[Advaita-l] RE: Advaita-l Digest, Vol 36, Issue 17

Siva Senani Nori sivasenani at yahoo.com
Wed Apr 19 02:08:00 CDT 2006

Vidyasankar Sundaresan <svidyasankar at hotmail.com> wrote:
  >Yes, it is nuanced and I would draw attention to yet other nuances in the 

>Notice the intriguing word svabhAva in Sankara's bhAshya - has relevance to 
>modern debates on varNa and jAti based on svabhAva. Also, the commentary 
  >This puts an entirely new light on what is meant by "varNa by birth". I 

  I am inclined to read similar meaning into the commentary, and feel that somebody like Swami Dayananda (Disclosure: I am NOT an Arya Samaji or a sympathizer, except in the broadest sense) would develop such a line more forcefully - with etymology and all that.
  However what struck me was that both the original drashta and hence[?], the reverred commentator put such a construct ('ok, never mind we dont know your origins, but ah! your behaviour reveals it perfectly') in stead of a much simpler one (and more in line with contemporary thoughts) of 'Never mind your origins, you have genuine quest for truth, and that will suffice'. 
  Of course, one major difference between modern philosophers and the vedic ones is that the latter were more responsible in the sense they preached theory after considering the practical aspects. From Plato to Lenin, and to today's neo-cons in Iraq, thought is happily divorced from the practical aspects of its implementation - with disastrous results. From that point of view, it is easy to understand why existing order had to be upheld, and of course the progressive elements of the society were accomodated. In fact, my respect for, and attempt to understand and internalise, the orthodox point of view is, amongst others, due to this 'responsibility' of the orthodoxy, so unlike the radical thinkers.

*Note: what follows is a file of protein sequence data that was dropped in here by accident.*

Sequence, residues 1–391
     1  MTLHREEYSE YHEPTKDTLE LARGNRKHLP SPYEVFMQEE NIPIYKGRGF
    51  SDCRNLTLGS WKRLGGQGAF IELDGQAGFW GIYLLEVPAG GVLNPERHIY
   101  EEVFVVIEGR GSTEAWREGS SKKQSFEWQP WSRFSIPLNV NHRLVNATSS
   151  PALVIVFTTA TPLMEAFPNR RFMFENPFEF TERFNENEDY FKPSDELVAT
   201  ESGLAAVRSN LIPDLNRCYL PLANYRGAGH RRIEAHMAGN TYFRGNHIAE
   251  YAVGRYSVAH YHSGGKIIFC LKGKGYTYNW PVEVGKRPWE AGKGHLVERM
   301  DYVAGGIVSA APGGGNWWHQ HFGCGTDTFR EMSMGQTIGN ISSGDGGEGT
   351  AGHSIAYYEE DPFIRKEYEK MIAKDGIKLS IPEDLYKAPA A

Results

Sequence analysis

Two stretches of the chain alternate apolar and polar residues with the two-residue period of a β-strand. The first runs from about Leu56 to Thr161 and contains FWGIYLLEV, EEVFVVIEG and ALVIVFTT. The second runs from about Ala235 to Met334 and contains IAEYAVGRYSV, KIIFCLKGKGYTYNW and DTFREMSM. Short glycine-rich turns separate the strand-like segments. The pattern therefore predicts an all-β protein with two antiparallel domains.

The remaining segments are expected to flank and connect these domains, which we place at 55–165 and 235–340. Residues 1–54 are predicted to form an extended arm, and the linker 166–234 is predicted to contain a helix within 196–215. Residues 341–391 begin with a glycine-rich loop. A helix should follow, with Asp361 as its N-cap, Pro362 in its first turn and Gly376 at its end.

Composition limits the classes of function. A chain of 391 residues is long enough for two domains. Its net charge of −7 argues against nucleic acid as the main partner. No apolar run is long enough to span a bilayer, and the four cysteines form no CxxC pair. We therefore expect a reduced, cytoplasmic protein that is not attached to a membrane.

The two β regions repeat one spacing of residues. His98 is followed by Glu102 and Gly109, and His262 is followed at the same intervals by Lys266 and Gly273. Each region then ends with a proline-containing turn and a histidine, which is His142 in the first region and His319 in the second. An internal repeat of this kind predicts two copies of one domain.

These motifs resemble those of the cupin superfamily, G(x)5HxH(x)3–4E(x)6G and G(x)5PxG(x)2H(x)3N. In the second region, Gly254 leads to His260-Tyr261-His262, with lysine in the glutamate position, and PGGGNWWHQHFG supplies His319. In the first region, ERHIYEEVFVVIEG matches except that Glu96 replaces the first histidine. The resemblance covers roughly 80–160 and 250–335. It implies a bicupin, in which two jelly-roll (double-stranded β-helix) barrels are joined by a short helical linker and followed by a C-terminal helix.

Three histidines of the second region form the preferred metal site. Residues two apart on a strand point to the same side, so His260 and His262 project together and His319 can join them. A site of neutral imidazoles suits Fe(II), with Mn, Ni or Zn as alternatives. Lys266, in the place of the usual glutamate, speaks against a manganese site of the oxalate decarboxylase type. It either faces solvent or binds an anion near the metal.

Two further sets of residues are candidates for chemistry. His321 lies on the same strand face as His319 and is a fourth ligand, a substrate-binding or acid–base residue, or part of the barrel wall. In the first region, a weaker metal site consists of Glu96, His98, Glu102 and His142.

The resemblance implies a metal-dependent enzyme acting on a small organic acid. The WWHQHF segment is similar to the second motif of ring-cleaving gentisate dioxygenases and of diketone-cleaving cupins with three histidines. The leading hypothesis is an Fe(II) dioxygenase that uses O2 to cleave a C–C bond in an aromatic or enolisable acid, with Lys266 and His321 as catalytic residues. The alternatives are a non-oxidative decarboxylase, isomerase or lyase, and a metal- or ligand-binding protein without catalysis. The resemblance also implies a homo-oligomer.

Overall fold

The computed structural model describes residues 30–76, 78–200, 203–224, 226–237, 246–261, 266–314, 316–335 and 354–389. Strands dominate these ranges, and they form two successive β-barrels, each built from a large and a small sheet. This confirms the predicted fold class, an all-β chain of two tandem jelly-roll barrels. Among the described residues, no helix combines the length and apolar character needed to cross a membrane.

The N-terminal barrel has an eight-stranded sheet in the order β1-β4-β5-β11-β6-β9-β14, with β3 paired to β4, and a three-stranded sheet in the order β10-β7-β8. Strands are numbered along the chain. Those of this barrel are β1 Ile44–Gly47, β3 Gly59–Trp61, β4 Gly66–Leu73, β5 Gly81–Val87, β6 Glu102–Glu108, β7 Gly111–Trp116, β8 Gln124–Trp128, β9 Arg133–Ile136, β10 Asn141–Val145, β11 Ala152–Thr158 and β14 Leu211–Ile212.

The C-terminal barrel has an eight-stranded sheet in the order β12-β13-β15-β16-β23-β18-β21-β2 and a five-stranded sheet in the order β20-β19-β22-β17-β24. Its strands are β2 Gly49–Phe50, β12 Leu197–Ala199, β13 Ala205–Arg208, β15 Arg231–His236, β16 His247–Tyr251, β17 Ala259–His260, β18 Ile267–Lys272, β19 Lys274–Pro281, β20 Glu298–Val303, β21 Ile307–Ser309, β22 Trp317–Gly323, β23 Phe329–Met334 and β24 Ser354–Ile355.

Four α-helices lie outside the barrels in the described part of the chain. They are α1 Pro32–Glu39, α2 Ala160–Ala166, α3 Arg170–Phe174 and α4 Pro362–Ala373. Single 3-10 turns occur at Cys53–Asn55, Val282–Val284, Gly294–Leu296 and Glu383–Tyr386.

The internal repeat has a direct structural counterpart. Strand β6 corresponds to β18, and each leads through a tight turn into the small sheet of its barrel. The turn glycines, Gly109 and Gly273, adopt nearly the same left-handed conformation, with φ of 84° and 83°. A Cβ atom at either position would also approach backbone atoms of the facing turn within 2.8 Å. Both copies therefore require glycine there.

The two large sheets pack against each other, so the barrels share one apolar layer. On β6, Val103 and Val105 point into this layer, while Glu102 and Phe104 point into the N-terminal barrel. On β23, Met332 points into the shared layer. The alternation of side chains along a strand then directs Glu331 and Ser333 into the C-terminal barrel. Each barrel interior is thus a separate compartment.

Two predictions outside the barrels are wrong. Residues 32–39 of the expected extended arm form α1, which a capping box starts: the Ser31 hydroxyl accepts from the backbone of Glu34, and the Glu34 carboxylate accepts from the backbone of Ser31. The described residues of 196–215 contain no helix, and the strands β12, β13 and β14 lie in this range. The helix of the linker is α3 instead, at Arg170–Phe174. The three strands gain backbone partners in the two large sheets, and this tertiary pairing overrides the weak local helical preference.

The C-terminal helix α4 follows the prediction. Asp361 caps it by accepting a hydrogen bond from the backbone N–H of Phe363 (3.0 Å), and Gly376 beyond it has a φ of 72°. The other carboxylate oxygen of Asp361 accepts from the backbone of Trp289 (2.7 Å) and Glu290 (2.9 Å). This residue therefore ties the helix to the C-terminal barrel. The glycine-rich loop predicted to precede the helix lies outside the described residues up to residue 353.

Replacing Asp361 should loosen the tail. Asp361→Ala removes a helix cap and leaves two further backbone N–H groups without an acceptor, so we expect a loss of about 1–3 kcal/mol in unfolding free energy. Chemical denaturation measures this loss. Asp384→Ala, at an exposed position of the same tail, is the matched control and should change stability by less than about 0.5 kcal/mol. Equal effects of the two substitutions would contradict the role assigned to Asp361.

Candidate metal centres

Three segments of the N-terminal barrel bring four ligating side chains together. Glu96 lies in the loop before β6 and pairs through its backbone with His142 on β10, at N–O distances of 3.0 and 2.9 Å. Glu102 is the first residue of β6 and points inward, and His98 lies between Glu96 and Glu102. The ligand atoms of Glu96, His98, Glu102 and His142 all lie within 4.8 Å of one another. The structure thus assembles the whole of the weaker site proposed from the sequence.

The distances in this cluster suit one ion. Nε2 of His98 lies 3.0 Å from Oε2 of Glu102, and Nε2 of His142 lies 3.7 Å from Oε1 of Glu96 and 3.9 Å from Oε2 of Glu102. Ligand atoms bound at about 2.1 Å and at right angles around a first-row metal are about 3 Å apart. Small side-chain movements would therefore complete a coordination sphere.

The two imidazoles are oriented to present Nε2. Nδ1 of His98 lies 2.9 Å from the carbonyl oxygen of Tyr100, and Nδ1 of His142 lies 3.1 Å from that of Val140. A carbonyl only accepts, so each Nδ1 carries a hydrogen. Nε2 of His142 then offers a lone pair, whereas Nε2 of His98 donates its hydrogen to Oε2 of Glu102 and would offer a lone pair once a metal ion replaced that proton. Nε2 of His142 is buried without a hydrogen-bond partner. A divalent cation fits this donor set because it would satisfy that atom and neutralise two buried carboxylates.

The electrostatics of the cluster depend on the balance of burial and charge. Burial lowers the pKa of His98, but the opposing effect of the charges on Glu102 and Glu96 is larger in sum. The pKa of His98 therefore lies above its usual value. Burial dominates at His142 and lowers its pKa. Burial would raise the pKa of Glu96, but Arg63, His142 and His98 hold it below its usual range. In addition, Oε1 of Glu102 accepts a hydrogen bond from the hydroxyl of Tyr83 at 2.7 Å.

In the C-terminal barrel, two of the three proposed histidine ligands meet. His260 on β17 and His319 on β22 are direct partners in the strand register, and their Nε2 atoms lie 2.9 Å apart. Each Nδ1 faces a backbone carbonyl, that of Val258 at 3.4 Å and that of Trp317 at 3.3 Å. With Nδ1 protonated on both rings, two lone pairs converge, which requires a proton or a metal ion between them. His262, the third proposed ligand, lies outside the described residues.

While on the topic, a good treatment of the 'changing' dharma can be seen in Sri Kashinath Tryambak Teling's introduction to the translation of Bhagavad Gita (Oxford Press, Sacred Books of the East series) where he discusses the change of brAhamaNa's duties from the Upanishads to Gita to Uttara Gita to the various dharmaSAstras to AshtAvakra Gita. According to him, the original 'desire-to-know-brahman' definition of a brAhmAN has seen elaboration of temporal duties with the famous 6 duties being added, and then gradually emphasis shifted on to the latter.

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